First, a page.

SURVIVING war takes mountains of courage, unbreakable mateship and a smile from lady luck.

Waratah and Wallaby half-back Nick Phipps understands that much. He exists because of all three.

Phipps will pause before NSW’s match with Melbourne on Anzac Day and his mind will turn to his two grandfathers, Jim and Ronnie, whose tales of survival in World War Two ensured he’d one day come into the world.

The astounding part of their stories, however, is that they are shared. Phipps’ grandfathers amazingly survived the war together; fighting side-by-side and enduring a POW camp decades before their children would meet randomly, get married and give birth to a future Wallaby.

“Everyone gets pretty blown away by it,” Phipps says.

The story begins with the Australian 3rd antitank regiment being deployed to North Africa in 1941. The 11th battery contained Phipps’ maternal grandfather Ronnie McIntosh (pictured left), a bush kid from Cunnamulla, and WJ (Jim) Phipps, a rugby-playing vet from Nowra.

They were put on the same gun in “G” troop and because Phipps, who’d played games for the Waratahs and Wallabies pre-war, was older he was made a captain. McIntosh was a young bombardier and the pair bonded.

“They were really tight. They organised the footy games between the regiment and other units,” Phipps said.

When the panzers of Rommell’s Afrika Korp began sweeping across Egypt, things grew bleak for the allies. Most withdrew to Tobruk but some were ordered to stay behind to slow Rommell up at Mechili. “G” troop stayed and amazingly, another Wallaby Russ Kelly, was also on the same antitank gun as Phipps and McIntosh.

“All the German tanks had to go through this empty wadi, and though their guns weren’t the best, but they killed six tanks through their side,” Phipps said.

“A tank came up on their position and fired on them. Ronnie was injured, Kelly was wounded, Jim was all right. Ronnie ended up getting a medal, he was injured but just kept fighting.”

One hundred allies were killed, wounded or captured. Kelly later died of his injuries but Phipps’ grandfathers were among the men taken to a POW camp in Germany. Together.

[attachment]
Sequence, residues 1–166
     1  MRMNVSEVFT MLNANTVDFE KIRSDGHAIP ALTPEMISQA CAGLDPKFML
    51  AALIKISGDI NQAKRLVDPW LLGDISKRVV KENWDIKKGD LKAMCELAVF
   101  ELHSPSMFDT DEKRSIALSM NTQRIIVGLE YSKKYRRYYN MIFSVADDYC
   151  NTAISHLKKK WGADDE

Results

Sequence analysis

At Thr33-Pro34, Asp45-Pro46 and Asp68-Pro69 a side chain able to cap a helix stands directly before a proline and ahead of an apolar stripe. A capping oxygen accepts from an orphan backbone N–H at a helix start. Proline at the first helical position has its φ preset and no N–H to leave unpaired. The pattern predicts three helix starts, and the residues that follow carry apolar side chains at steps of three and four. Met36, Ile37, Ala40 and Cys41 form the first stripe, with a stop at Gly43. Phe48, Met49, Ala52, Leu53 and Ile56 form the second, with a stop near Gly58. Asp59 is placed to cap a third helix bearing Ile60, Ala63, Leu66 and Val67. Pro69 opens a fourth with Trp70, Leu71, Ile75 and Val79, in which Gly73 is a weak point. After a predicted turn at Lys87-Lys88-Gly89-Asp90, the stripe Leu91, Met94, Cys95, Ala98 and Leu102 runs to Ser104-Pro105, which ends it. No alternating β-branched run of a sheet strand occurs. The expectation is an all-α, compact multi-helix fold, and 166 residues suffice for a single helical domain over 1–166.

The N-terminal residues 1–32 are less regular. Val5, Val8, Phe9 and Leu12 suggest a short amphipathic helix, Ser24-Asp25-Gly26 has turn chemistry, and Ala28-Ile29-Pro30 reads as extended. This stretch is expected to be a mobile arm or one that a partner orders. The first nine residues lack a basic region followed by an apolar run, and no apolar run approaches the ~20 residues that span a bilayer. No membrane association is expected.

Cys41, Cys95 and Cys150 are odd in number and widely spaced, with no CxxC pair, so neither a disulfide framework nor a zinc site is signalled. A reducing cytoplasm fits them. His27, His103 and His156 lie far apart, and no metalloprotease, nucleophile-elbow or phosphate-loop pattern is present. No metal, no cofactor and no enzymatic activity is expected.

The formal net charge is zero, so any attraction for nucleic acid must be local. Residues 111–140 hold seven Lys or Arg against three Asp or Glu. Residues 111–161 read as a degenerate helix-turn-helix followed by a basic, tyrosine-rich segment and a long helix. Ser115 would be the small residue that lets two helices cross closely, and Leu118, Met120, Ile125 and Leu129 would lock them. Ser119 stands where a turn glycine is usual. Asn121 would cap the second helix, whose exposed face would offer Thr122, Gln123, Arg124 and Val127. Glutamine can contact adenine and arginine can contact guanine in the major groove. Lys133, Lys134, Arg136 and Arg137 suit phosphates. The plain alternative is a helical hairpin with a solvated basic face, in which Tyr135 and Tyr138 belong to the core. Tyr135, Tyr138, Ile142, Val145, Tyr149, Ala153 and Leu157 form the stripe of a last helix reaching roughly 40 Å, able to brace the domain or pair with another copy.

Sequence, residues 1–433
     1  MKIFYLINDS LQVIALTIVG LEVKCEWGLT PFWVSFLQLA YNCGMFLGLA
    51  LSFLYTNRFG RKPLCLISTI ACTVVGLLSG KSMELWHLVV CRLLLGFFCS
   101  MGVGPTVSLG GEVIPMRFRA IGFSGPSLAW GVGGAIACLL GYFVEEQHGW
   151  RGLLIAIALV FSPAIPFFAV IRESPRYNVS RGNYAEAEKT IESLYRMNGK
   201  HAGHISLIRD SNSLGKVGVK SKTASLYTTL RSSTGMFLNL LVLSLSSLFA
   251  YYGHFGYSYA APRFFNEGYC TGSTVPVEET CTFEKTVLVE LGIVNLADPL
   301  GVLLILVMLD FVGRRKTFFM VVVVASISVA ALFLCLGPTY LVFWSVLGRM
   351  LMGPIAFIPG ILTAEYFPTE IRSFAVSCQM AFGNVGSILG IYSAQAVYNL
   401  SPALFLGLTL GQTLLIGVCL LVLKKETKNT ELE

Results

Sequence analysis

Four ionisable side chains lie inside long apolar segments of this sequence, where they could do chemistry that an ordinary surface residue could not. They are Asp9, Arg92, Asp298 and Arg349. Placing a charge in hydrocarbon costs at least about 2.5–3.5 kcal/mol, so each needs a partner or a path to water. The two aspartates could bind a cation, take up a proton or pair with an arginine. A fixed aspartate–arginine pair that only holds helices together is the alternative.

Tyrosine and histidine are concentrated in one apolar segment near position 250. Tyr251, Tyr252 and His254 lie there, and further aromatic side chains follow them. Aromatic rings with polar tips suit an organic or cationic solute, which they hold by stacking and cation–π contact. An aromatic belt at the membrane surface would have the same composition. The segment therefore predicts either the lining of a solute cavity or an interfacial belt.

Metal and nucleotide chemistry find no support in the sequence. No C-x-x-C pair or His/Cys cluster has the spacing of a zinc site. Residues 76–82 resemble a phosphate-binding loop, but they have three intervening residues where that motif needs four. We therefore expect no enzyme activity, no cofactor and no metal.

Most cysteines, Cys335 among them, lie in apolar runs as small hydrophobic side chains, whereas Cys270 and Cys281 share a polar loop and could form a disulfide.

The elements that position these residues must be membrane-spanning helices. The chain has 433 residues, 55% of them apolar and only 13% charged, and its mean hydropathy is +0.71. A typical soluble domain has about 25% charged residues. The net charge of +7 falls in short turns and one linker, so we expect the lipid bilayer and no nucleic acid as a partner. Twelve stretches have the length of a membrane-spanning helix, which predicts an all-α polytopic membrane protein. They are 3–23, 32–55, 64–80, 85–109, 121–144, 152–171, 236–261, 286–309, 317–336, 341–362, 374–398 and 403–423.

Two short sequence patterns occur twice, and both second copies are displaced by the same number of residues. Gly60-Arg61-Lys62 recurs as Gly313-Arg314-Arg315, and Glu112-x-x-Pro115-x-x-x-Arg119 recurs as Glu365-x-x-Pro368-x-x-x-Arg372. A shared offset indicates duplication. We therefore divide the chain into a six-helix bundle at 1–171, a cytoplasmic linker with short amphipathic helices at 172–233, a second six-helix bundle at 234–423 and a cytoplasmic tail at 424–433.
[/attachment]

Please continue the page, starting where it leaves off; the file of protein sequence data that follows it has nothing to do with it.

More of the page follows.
“It was four hard years in a prisoner of war camp in Germany, and later in Italy,” Phipps said.

“They escaped together as well. They found a boat and patched it up with shirts and stuff. They got about 80km away but got caught. They got pretty flogged I think when they were got taken back.”

Americans troops liberated their camp in 1945 and the pair separated. McIntosh returned to the land in Australia, and Phipps stayed behind to help with medical work.

Contact was minimal until about 30 years later when Ronnie’s daughter Janie fell in love with a young teacher in Sydney. It was Phipps’ son Peter.

“Mum and Dad met absolutely randomly,” Phipps said. “My grandparents obviously realised the connection, quite early on I think. It was a pretty amazing thing because they hadn’t seen each other for years and years and years.”

Phipps was born in 1989 and while he never had the chance to meet Jim, he had Ronnie for 15 “great” years. His respect for both men exploded in recent years when Phipps sought to learn more about their story.

“It’s just amazing the guts they had,” Phipps said.

“Imagine being those guys who were told “we want you to stay and slow them down”. You are cooked, you are being left behind by a couple of English generals … just try to comprehend that. But they were happy to do it to try and buy time for their mates. It’s unbelievable courage.”

Phipps is now 26, roughly the same age as the men who stared down Rommell. He gets to represent Australia in rugby and while he’ll always bust his gut, Phipps will never mistake his effort with true bravery.

“A lot of people take that (sporting) life for granted, I reckon. Complaining about minor stuff,” Phipps said.

“You put that in perspective with those guys then, our age, they were jumping to enlist and defend Australia.”

When the last post plays on Saturday night at ANZ Stadium, Phipps will think of Jim and Ronnie and give silent thanks for courage, mateship and luck.

“It is my first chance to play on Anzac Day so it is going to be very special,” he said.

“It is very special for Mum and Dad as well, knowing what their parents went through. It’s why we’re all here today.”